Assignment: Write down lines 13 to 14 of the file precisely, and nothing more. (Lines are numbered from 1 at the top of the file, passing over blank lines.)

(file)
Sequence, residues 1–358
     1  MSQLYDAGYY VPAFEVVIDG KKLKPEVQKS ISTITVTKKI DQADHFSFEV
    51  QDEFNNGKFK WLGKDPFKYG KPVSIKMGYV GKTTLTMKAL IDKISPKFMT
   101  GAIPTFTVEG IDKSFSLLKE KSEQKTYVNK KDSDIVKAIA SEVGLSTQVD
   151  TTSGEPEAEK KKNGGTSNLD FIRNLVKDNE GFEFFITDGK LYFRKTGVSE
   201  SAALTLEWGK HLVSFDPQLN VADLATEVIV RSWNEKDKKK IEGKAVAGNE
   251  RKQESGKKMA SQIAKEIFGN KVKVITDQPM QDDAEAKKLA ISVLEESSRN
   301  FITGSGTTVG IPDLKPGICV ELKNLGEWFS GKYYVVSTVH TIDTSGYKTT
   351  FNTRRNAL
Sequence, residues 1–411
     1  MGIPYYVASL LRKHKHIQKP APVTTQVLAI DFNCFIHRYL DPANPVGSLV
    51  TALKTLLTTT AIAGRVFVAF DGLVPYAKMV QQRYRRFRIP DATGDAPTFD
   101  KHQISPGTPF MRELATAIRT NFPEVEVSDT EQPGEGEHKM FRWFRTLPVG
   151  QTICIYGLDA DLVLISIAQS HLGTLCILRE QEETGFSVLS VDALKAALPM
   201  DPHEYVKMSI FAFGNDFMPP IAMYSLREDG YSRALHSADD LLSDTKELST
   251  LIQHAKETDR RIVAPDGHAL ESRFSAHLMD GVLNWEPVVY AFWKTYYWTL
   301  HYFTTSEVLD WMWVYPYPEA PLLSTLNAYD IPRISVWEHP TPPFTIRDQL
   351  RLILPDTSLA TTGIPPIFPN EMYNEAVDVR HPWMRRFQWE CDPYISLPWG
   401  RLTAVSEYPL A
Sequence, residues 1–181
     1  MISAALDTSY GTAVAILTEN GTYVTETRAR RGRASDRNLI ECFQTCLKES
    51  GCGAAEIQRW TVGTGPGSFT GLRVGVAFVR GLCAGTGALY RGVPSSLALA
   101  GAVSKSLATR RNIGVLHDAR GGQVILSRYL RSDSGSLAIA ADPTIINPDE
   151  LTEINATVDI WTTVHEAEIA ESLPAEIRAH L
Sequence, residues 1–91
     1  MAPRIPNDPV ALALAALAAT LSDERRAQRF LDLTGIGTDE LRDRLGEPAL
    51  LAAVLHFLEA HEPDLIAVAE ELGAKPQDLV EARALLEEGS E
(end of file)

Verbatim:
   101  KHQISPGTPF MRELATAIRT NFPEVEVSDT EQPGEGEHKM FRWFRTLPVG
   151  QTICIYGLDA DLVLISIAQS HLGTLCILRE QEETGFSVLS VDALKAALPM